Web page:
The Brief | January 25, 2019

The Brief’s Big 6: Impact measurement, ESG’s impact, future of food, rebalancing local investing, climate activist Agent of Impact

The team at


TGIF, Agents of Impact!

The World Economic Forum did a good job in Davos this week serving up billionaires and other elites to be skewered by their increasingly emboldened critics. Michael Dell, to nervous chuckles, was called upon to rebut U.S. Rep. Alexandria Ocasio-Cortez’s call for a 70% marginal tax rate on incomes above $10 million. “Name a country where that’s worked, ever,” Dell said. Fellow panelist Erik Brynjolfsson, an MIT economist, had a quick answer: “The United States.” (Until the 1980s, the U.S. for decades notched strong economic growth with top rates above 70%, and above 90% in the 1950s). A 16-year-old Swedish girl went beyond gotchas to issue a clarion call for climate action (see No. 4, below). “I don’t believe for one second that you will rise to that challenge, but I want to ask you all the same,” Greta Thunberg told the Davos delegates. “I ask you to prove me wrong.”

– David Bank, editor

Featured: The Brief’s Big 6

1. Behind the mixed welcome for The Rise Fund’s impact-measurement spinoff. Impact investing pioneers have been sticklers for impact measurement. But when a brash newcomer staked out an ambitious approach, the knives came out. TPG Growth’s Rise Fund launched Y Analytics as a standalone impact measurement and research firm to burnish the private-equity firm’s impact cred among institutional investors. The impact faithful have yet to be convinced. Critics suggested the Rise Fund’s “impact multiple of money” calculation is ripe for manipulation and grouse the method may cherry-pick positive outcomes without accounting for negative consequences. The emerging industry is beginning to converge around shared norms for impact measurement and management. With its first $2 billion impact fund nearly fully committed and a $3.5 billion second fund in the works, The Rise Fund has a seat at the table, but apparently not a free pass. It’s all love.

2. ESG may boost returns and reduce risk, but does it drive impact? ‘ESG’ covers any of dozens of environmental, social and governance factors that can affect the performance of public equities and other assets. ESG is not a cure-all for the world’s ills, but the long-term impact of ESG measurement and disclosure may be profound. Rewarding good corporate actors and punishing the bad ones is driving splits that system-changers can build on. “The discussion moves forward, the predicate gets laid, the data gets collected and that sets the stage for the next set of demands,” ImpactAlpha’s David Bank argues in the latest Returns on Investment podcast. “I don’t want to spend our time trashing ESG. I want to get on with what we’ve now got the platform to do.” Divide and conquer.

3. Sustainable food’s investment imperative. Improving the sustainability of the $7.8 trillion global food industry is what analysts call an “inevitable imperative.” That makes all the more compelling investment opportunities in companies improving the efficiency of farms, decreasing food waste and shifting eating habits toward healthy, plant-based diets. A new report from Village Capital rounds up the market drivers and deal flow driving a more sustainable food system. One insight: Go where food is grown. Almost 90% of the more than 100 startups that applied to Village Capital’s 2018 food and agriculture accelerator were headquartered outside the venture capital corridors of New York, San Francisco and Boston. The roundup.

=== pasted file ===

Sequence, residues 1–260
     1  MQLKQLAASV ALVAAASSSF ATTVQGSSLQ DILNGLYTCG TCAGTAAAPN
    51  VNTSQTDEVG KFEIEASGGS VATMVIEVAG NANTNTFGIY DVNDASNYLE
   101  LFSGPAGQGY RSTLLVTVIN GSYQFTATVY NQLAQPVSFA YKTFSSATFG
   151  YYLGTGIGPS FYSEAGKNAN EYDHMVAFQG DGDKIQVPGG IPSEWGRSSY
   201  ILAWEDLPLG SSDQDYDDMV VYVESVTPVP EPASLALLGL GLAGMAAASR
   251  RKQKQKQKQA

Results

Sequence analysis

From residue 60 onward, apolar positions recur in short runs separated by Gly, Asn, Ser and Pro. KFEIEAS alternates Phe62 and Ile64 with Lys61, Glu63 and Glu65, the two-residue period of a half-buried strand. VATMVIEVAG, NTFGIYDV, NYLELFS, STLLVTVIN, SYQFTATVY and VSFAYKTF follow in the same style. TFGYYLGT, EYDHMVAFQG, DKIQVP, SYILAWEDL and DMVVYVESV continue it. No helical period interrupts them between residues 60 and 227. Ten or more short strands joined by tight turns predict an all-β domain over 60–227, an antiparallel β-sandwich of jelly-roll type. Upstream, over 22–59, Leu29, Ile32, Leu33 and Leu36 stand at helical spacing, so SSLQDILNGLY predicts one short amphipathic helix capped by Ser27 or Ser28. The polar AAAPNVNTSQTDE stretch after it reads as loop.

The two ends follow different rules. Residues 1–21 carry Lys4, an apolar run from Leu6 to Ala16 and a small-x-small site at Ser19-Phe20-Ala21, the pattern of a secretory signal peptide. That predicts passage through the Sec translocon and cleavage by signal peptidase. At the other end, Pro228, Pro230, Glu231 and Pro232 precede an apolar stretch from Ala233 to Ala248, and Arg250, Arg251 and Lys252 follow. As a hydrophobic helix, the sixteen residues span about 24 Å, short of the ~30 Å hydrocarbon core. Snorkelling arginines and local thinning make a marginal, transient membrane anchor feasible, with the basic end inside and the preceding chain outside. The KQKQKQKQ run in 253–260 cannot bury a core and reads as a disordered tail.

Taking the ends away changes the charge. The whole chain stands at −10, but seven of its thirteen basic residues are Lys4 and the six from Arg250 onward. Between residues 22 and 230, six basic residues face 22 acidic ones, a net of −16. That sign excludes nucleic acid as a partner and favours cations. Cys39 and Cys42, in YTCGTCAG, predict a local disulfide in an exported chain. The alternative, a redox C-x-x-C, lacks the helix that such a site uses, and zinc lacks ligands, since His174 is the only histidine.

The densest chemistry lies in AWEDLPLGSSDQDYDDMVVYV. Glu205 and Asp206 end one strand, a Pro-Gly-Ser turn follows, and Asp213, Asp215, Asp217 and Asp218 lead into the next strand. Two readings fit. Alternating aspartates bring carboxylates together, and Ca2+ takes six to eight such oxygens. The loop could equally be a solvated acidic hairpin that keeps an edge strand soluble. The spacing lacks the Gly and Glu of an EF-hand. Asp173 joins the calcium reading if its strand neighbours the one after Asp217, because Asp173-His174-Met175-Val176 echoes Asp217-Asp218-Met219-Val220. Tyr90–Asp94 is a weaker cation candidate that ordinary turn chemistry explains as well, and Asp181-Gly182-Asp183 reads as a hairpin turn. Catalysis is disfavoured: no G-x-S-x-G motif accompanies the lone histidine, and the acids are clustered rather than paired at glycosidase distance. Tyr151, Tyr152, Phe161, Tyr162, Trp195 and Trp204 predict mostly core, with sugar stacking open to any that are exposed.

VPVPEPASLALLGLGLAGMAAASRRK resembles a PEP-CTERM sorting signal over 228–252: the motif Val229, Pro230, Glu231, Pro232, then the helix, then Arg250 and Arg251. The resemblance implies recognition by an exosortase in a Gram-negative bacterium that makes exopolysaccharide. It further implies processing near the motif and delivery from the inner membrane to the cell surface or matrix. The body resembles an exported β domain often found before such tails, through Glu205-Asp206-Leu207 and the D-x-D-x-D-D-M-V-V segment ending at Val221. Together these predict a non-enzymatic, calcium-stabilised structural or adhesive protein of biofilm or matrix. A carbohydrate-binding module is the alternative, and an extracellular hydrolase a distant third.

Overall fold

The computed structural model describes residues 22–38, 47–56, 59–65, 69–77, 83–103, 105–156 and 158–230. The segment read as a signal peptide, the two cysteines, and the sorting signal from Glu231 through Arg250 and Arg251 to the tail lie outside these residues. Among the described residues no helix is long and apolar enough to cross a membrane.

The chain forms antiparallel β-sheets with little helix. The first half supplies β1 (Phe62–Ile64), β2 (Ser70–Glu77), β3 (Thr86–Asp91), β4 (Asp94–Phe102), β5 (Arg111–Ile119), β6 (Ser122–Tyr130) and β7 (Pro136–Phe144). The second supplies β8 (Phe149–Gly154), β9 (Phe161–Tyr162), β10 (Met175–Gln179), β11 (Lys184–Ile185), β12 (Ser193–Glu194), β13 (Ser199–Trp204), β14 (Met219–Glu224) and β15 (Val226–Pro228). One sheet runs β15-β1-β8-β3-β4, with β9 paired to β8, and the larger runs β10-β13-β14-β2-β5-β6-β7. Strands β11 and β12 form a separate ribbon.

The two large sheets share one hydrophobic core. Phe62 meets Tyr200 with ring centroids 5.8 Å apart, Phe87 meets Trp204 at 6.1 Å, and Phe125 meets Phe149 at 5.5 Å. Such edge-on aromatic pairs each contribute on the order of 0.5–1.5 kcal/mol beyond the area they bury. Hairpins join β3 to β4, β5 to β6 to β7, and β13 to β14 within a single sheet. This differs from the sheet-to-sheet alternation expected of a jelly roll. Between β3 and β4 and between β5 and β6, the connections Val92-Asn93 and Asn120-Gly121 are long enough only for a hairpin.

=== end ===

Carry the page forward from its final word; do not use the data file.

4. Agent of Impact: Greta Thunberg, climate activist. The only reason the 16-year old isn’t leading this week’s student strike outside Sweden’s parliament is because she’s in Davos to scold global business and political leaders for inaction on climate change. So she’ll join a School Strike 4 Climate Action in Davos, instead. Thunberg traveled 32 hours by train – not private jet – to the World Economic Forum in order to reduce her carbon footprint. She didn’t pull punches. “Someone is to blame,” she said in a video message. “Some people, some companies and some decision-makers in particular have known exactly what priceless values they are sacrificing to continue making unimaginable amounts of money.” She later joined a climate panel with Bono, Jane Goodall,, Kengo Sakurada and fellow Agent of Impact Christiana Figueres. Student strikes for climate action have spread rapidly since Thunberg first chided world leaders at last month’s U.N. climate conference in Poland. On Thursday, more than 35,000 students marched in Brussels, following strikes in Germany, Belgium and Switzerland last week. “The year 2078, I will celebrate my 75th birthday,” Thunberg said in Poland. “If I have children maybe they will spend that day with me. Maybe they will ask me about you. Maybe they will ask why you didn’t do anything while there still was time to act.” Follow ImpactAlpha on Instagram.

5. Deals of the week. Drink from the deal firehose all week long on A few that stood out:

6. The meaning of Ujima. The Swahili word is a Kwanzaa principle meaning ‘collective work and responsibility.’ In Boston, it represents a challenge to the investor-centric investment model that even most impact investors have adopted. How? Boston Ujima Project allows community members to invest and to prioritize the types of businesses their neighborhoods need. Then they vote on what gets funded. In a guest post on ImpactAlpha, Transform Finance’s Curt Lyon breaks down how the fund shifts risk and spreads returns: Unaccredited investors in Massachusetts get lower minimums and higher returns, and more loan-loss security. Institutional, philanthropic and accredited investors get higher minimums and lower returns. That shifts the balance of risk toward those who can most bear it. Go local.

— January 25, 2019.